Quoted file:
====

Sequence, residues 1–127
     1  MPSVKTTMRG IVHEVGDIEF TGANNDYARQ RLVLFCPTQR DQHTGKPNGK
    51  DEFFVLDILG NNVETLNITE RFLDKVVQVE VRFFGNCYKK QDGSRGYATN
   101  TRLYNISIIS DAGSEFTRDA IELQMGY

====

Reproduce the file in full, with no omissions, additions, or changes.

Sequence, residues 1–127
     1  MPSVKTTMRG IVHEVGDIEF TGANNDYARQ RLVLFCPTQR DQHTGKPNGK
    51  DEFFVLDILG NNVETLNITE RFLDKVVQVE VRFFGNCYKK QDGSRGYATN
   101  TRLYNISIIS DAGSEFTRDA IELQMGY